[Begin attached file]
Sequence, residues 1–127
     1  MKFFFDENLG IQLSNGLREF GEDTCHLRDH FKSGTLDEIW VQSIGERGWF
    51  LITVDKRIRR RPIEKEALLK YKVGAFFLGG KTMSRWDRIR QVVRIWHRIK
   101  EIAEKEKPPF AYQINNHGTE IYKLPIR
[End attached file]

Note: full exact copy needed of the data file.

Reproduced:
Sequence, residues 1–127
     1  MKFFFDENLG IQLSNGLREF GEDTCHLRDH FKSGTLDEIW VQSIGERGWF
    51  LITVDKRIRR RPIEKEALLK YKVGAFFLGG KTMSRWDRIR QVVRIWHRIK
   101  EIAEKEKPPF AYQINNHGTE IYKLPIR